Declan Bogue: An awesome decade on the pitch but brutal off it - no change then for GAA
As the clock ticked over to midnight on December 31, 2009, few might have predicted the changes that were to occur within the Gaelic Athletic Association over the next decade.
At the start of it, Dublin were considering their Championship exit of 2009, a crushing rout by Kerry that ended up with a 17-point margin. In anyone's wildest dreams, no-one was predicting the Dubs would become the first football county to achieve five consecutive All-Irelands by the end of the decade and confirm, beyond any sane doubt, that this was the greatest flow of footballers through a panel for a sustained period to play the game. And managed superbly, of course, by Jim Gavin.
The last time they were beaten was by Donegal in 2014, by a game plan devised and relentlessly coached by then-manager Jim McGuinness. They exploited Dublin's hubris and refusal to deploy a sweeper. Nobody saw or predicted it coming, but that defeat ironed out the one weakness and inflexibility in Dublin that completed the picture for the next five seasons.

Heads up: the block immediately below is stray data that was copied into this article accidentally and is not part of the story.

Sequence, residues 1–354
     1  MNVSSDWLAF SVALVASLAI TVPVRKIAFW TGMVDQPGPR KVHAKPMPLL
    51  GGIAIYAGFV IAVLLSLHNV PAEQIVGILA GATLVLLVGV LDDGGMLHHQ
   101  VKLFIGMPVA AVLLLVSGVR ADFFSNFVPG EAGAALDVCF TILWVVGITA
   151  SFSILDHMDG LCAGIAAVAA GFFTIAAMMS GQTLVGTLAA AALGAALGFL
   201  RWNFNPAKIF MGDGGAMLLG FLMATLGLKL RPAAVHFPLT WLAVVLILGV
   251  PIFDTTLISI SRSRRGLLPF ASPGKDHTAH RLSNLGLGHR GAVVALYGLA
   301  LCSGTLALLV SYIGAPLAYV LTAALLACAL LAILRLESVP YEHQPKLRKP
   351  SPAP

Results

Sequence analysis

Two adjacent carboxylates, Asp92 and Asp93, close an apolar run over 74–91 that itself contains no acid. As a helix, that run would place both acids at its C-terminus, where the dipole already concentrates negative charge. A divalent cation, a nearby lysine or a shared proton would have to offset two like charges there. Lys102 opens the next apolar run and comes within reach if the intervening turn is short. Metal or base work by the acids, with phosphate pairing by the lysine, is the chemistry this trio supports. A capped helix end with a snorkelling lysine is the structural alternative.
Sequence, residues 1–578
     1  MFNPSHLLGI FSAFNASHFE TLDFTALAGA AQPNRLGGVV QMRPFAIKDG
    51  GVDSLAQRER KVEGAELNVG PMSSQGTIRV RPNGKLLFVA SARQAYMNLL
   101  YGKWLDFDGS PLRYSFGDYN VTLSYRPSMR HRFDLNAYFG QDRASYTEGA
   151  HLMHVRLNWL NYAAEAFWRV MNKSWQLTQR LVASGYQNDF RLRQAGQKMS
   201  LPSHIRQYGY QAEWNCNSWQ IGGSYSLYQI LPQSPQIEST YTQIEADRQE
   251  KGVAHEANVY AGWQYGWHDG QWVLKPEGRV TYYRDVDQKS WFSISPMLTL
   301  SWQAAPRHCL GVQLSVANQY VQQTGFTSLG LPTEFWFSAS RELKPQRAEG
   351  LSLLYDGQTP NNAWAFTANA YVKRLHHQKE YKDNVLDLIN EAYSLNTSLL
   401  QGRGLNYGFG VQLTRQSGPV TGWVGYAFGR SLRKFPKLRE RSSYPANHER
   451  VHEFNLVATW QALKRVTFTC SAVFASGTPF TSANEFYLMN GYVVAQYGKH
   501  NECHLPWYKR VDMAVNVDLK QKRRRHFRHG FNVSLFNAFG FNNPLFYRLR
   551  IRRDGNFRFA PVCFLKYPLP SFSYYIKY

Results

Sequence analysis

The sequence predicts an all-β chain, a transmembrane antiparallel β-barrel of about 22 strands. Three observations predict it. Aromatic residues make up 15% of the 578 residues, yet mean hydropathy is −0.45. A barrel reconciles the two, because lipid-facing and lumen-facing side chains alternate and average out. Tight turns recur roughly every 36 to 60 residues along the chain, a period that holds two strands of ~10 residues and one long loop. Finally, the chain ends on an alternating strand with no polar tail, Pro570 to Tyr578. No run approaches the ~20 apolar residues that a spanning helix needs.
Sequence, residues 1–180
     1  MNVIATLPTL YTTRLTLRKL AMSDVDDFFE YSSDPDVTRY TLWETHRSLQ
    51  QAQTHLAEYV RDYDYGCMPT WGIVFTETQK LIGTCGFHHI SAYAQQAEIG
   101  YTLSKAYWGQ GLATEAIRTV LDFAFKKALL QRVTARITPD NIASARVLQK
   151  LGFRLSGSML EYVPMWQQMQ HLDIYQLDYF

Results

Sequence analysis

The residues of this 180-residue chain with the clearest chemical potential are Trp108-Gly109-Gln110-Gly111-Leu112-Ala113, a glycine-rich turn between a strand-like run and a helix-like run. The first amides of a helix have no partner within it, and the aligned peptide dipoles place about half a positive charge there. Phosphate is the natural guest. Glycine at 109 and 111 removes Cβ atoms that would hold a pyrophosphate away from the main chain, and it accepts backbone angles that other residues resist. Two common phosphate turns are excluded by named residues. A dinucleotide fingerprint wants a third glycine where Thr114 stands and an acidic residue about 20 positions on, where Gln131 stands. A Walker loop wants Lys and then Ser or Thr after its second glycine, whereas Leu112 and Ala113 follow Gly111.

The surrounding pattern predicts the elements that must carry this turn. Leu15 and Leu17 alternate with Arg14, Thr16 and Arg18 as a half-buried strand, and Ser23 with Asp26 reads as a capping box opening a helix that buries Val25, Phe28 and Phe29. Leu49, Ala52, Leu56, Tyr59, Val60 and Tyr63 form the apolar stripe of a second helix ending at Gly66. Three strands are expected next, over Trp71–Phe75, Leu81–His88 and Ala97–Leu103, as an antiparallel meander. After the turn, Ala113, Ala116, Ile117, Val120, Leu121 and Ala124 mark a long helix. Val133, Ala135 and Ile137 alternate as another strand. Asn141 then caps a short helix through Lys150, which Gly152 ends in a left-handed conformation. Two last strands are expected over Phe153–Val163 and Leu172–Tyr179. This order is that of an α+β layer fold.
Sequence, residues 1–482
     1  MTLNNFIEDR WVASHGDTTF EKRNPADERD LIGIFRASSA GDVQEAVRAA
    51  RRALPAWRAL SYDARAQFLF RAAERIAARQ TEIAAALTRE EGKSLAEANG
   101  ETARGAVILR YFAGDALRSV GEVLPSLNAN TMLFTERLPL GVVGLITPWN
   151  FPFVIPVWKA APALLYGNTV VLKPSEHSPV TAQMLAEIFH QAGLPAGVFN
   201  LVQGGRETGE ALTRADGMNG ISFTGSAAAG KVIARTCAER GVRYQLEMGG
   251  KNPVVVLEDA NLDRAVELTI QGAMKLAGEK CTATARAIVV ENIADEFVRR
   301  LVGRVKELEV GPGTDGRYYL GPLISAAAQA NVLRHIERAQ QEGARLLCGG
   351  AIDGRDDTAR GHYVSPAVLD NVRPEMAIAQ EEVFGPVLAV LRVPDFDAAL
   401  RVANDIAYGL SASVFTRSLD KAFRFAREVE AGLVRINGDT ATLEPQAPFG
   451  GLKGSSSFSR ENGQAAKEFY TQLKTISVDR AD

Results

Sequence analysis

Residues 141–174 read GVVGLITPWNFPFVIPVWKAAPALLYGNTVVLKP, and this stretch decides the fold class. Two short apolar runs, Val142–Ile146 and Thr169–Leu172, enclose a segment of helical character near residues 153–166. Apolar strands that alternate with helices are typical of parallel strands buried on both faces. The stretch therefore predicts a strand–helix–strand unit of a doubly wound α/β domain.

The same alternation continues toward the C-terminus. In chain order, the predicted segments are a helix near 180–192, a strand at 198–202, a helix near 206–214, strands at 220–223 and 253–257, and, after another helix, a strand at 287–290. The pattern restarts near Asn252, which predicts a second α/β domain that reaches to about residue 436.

McGuinness now is domiciled in America, having moved there to take up a soccer manager's job with Charlotte Independence and getting as far as six months into a three-year contract. If he ever makes it back to Gaelic football it will be a huge surprise, and yet, where else is there to go?
In many ways, the success enjoyed by Dublin and the resentment coming from it is a neat microcosm of Ireland at the end of the decade, politically and sporting. There are obvious advantages to living in a capital city. The intercounty game takes a lot of money, but that is no problem to Dublin, with their commercial manager Tomás Quinn and the fleet of controversy-free, clean-cut players who are almost entirely forbidden from revealing much of themselves.
Rural Ireland feels neglected and cut-off, while Dublin - too big to fail - is propped up and Dublin GAA jealously guards funding from the central funds to harness their numbers. This is a commonly held theory in the GAA but, naturally, Dublin have no shortage of those in administrative roles willing to dispute it.
There's a fair bit of doom and gloom to all of this, the type that wasn't attaching itself to Kilkenny when they were on their marvellous run of success.
Please log in or register with belfasttelegraph.co.uk for free access to this article.
It's impossible to guess if this is ennui arising from the end of the decade. Give us a few years to figure that one out.